Now as a heads up, and Netflix has warnings at the beginning certain episodes for a reason, once you hit episode 9 - things get extra heavy. The content is dark. It's not meant to be taken lightly. This is another slight change that was made from the book. It's a change in the respect of the order of the tapes. This does a better job of setting up the kind of Clay we are getting to know in this series better than the Clay we get to know in the book. But that does not change the seriousness of the content that happens in the final five tapes.

In regards to tapes 9 through 11 - the order that the series has them is not the order from the book. While I can see why they chose to make that change, I'm curious how the show would have turned out had they kept the original order.

There is a line that Tony says in Episode 11 at 10:35 - she's telling her truth. There are so many characters that complain about "Hannah lying" in the tapes. Maybe from their perspective she is. Maybe the way that these characters remember the events happening, Hannah Baker is lying. But can we as an audience truly know the difference between the truth and the lie when it all comes down to a matter of perspective? No. So please do not try to side with any of the characters. I challenge you to watch the series with an open mind and a third-person-observer perspective. The tapes are told from Hannah's perspective. Not Clay's or Jessica's or Alex's or any of the other persons who are on the tapes. Just remember that as you decide to take the plunge into the series.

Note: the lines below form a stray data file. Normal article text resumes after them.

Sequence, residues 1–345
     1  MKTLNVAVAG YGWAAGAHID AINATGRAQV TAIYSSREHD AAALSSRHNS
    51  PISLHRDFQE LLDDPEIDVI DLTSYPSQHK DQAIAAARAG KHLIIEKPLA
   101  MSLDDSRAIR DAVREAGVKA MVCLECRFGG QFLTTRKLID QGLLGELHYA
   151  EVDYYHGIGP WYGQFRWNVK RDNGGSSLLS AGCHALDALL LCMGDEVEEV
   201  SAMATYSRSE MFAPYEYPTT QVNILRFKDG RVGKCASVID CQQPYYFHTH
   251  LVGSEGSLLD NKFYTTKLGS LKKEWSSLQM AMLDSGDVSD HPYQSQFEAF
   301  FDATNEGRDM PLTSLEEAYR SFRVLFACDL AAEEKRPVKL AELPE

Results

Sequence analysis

While I think the content of the series is something that should be addressed. I still stand by my statement of read the book first. The book is not as intense as the series. Part of that, I think, is because it is entirely different to actually see something happen verses reading about something happening. So the book could be a way to prep before your emotions go on this insane ride.

Something this series shows - people, in this case high school kids, can be completely cruel. Compassion is important. You never know what someone else is going through. I know all of that has been said by everyone who has watched it. But let me add some of my own personal experience. Never tell someone to kill themselves just because you don't like where they stand on a choice or opinion - don't ever say that, honestly. You never know if that will be the thing that confirms the thoughts they have had the whole time and give them the justification they have been looking for to actually go through with it.

I am not going to tell you whether or not you should watch this. Only you can make the choice for you. I have given you my opinion of the show and warned where I thought was necessary. So make your choice, but I hope you choose to make an informed one.

AUTHOR'S NOTE 2: If you need help, please reach out to someone. I know it isn't always easy to reach out to those who may actually have the knowledge to walk you through the steps needed. But reaching out to someone is better than never reaching out at all. Whether it is someone you trust or someone who is on the other end of a phone call - REACH OUT if you need it. And only you can make that call.

Suicide Hotline - 1-800-273-8255